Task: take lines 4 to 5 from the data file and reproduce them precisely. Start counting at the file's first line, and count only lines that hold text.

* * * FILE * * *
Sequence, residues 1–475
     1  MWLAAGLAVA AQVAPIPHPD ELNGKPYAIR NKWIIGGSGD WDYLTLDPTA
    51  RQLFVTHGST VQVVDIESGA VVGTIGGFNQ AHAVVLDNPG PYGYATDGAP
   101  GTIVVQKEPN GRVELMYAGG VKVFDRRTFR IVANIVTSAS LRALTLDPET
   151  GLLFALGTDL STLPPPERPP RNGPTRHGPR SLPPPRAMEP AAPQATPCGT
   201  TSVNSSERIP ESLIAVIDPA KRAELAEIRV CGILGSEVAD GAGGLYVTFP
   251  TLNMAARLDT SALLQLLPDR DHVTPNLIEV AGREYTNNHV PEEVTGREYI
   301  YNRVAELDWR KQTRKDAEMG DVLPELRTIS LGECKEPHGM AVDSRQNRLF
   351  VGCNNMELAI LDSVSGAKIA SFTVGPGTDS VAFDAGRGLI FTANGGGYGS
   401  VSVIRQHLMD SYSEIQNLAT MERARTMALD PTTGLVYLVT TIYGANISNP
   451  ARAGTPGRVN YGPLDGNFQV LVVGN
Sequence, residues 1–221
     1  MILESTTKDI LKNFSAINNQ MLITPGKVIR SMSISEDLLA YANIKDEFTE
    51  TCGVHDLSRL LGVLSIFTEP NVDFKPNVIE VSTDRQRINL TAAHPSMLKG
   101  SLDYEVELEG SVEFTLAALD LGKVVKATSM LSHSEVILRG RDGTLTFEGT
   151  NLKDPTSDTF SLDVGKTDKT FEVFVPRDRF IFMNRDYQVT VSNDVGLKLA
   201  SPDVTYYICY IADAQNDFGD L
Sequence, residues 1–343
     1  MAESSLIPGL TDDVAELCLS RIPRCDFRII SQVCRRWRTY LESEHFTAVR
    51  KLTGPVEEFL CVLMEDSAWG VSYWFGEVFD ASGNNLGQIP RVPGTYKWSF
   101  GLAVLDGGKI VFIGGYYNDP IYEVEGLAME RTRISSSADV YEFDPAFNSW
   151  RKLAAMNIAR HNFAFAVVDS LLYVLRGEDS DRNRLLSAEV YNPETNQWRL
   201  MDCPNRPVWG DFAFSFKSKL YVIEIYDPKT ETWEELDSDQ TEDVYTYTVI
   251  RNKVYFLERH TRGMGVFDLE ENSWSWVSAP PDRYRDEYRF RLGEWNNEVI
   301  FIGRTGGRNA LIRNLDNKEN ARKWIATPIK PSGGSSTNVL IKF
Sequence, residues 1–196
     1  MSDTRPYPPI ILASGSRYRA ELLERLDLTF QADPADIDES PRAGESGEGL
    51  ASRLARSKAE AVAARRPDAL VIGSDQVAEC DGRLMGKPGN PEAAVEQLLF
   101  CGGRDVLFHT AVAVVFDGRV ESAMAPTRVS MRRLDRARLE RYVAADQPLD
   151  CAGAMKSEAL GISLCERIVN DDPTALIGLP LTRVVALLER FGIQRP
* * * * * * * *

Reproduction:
   101  GTIVVQKEPN GRVELMYAGG VKVFDRRTFR IVANIVTSAS LRALTLDPET
   151  GLLFALGTDL STLPPPERPP RNGPTRHGPR SLPPPRAMEP AAPQATPCGT